There are a few practical things that you can do in this regard. One is to place the tongue at the roof of the mouth, which aids in the upper movement of awareness and delight. It helps draw the prana and speech upwards and move our consciousness into space.
Another is to focus your mind at the point of the soft palate at the top back of the root of the throat. There is a special smaller mind chakra here that controls all the five senses and allows the nectar of higher awareness to flow down through the brain. It is the Soma or watery counterpart of the third Eye that has a fiery or Agni nature.
From the soft palate of the mouth one can experience a flow of nectar from the brain that will bring a sweet taste to the saliva. Fixing our awareness at this point also helps us control all the senses and turn them within. This is aided by holding our inner gaze at this location.
Effortlessness and Flow
The Soma of delight flows best when we give up outer effort and enter into an effortless state of both inner and outer relaxation, which is to open our hearts to the grace and beneficence of the magical universe in which we live. We need to learn how to flow with the grace and delight of all existence. Often our personal efforts, strain and striving inhibit us in our higher growth and spiritual evolution. Our practices should be done naturally and gently, allowing inner processes to unfold, like a stream moving to the sea.
To develop this nectar of meditation, we need to create a sense of space and vastness in our awareness. Space is delight or ananda, as it is freedom and letting go of all bondage. Vastness in the mind is necessary to create space – meaning that we must let go of little and trivial things, personal and emotional conflicts, and connect ourselves with the unbounded universe and its innumerable forms of life and consciousness.
Another key to meditation and yoga practice is contentment or santosha, one of the five niyamas or foundational principles of Yoga practice that is seldom given its proper role. Cultivate contentment of an inner type, recognizing the bliss inherent your own being. This is not to give into inertia and try to accommodate or excuse for our weaknesses in life. It is to affirm that in our inner nature we are perfectly happy, free, aware and immortal, one with all. This attitude of bliss or Soma bhava will allow negativity to fall away from us naturally.
Another important Soma principle is receptivity. Be receptive, which means to be respectfully observant of all life, of yourself and of all your relationships. When we are quietly receptive then what is of greater value and truth will naturally come to us. This involves becoming a vessel in life that is open to and can carry the nectar, grace, beauty or Ananda that pervades all things. To be receptive means not to judge but to allow each thing to reveal and unfold its true nature for you.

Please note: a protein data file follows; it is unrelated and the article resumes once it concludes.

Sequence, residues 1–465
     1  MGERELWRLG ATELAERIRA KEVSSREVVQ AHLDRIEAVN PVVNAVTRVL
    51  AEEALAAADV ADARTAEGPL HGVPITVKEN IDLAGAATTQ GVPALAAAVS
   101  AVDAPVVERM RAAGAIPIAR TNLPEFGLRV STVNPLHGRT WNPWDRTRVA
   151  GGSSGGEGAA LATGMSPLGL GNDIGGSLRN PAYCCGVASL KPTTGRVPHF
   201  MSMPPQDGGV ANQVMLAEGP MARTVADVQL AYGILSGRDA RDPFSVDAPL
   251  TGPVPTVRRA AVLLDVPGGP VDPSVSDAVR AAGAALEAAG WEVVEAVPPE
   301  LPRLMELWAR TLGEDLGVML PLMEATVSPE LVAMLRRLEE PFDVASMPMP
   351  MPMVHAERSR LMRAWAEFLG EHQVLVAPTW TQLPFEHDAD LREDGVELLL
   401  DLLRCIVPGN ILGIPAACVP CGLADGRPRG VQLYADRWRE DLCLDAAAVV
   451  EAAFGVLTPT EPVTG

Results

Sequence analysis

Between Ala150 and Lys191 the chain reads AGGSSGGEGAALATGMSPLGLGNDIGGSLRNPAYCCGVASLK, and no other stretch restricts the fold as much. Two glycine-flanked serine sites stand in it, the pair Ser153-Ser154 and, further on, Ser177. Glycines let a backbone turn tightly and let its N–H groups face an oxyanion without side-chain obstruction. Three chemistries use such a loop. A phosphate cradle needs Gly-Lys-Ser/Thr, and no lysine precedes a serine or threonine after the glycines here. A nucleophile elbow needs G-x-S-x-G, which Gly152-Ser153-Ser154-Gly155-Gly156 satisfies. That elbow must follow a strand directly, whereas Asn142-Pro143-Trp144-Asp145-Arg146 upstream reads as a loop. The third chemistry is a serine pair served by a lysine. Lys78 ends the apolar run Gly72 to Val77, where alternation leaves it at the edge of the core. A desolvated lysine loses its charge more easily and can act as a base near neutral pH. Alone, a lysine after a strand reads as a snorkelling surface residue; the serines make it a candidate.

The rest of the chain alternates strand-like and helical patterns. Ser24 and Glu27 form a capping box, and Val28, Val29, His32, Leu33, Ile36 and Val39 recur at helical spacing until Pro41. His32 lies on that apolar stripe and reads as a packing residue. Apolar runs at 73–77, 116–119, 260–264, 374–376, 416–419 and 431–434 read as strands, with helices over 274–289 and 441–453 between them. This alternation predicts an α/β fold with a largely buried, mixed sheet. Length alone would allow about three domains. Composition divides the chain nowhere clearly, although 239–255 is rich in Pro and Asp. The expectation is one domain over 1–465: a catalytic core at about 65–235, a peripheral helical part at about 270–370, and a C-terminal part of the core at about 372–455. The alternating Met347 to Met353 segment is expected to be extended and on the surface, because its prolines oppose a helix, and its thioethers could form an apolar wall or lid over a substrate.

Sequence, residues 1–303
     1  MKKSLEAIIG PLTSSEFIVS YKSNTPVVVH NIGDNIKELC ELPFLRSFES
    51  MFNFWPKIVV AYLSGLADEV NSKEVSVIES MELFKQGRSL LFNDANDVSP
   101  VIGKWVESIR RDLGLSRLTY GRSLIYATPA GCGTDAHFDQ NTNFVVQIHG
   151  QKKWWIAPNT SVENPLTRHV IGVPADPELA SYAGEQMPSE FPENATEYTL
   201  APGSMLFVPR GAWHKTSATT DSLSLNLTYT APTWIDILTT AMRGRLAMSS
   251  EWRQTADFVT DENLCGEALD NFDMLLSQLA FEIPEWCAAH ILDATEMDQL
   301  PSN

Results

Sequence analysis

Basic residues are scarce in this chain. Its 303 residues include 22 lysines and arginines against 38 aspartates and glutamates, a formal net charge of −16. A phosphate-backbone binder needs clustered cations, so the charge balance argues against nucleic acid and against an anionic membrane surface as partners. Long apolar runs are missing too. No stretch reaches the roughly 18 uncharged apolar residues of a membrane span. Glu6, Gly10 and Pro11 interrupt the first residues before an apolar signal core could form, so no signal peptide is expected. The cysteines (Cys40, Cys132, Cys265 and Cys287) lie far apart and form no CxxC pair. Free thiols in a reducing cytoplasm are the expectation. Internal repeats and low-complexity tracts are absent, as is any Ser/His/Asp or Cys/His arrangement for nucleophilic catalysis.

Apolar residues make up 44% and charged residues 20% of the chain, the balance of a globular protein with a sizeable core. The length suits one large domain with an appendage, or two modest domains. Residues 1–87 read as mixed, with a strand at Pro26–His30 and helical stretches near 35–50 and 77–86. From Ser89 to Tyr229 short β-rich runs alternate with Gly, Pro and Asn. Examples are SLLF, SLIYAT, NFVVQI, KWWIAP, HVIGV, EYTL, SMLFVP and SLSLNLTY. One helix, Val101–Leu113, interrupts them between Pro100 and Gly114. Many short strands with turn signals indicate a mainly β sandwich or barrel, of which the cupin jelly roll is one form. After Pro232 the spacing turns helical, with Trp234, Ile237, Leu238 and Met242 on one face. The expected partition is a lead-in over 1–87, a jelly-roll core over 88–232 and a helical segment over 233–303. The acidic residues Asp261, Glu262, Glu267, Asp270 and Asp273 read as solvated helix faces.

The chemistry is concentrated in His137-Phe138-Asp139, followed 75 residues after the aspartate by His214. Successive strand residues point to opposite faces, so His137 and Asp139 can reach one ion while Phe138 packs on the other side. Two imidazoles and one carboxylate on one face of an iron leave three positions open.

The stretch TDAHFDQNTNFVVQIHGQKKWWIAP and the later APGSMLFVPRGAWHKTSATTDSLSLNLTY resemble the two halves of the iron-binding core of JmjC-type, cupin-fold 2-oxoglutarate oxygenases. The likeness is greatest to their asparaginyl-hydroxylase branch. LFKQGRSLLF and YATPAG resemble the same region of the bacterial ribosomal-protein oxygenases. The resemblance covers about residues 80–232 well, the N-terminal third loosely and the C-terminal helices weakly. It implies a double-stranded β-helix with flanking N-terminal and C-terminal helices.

The Play of Delight
Soma also relates to the play or lila of life. Life should be a play of delight or ananda. But for that to occur we must seek to unfold our own inner bliss. We should seek to bring happiness into the world rather than to pursue happiness from external objects or from other people, which only means that we do not have adequate happiness inside ourselves. Learn your role in the Divine play and enter into the dance of creative intelligence.
We live in an age in which we have many new forms of entertainment and enjoyment, through our ever-developing media and information technology. These have many benefits but also can breed addictions for us, in which we may get caught in external stimulation and forget to look within to find our own innate happiness.
We should not confine our awareness to an outer screen or a cell phone but should learn to direct it to the point of universal communication and bliss, which is the point focus of our own hearts.
The true seeking of bliss and pursuit of happiness in life is not something external. It is an inner search for the core divine awareness within our own minds and hearts that is also the ground of all existence. Our meditation should involve that inner search for Soma, bliss and happiness within. Our entire life-style should support this, integrating Yoga, Ayurveda and Meditation into a complete system of well-being that takes us to the supreme bliss or Ananda.
Note the author’s books Soma in Yoga and Ayurveda: The Power of Rejuvenation and Immortality, and Mantra Yoga and Primal Sound for further information on these topics.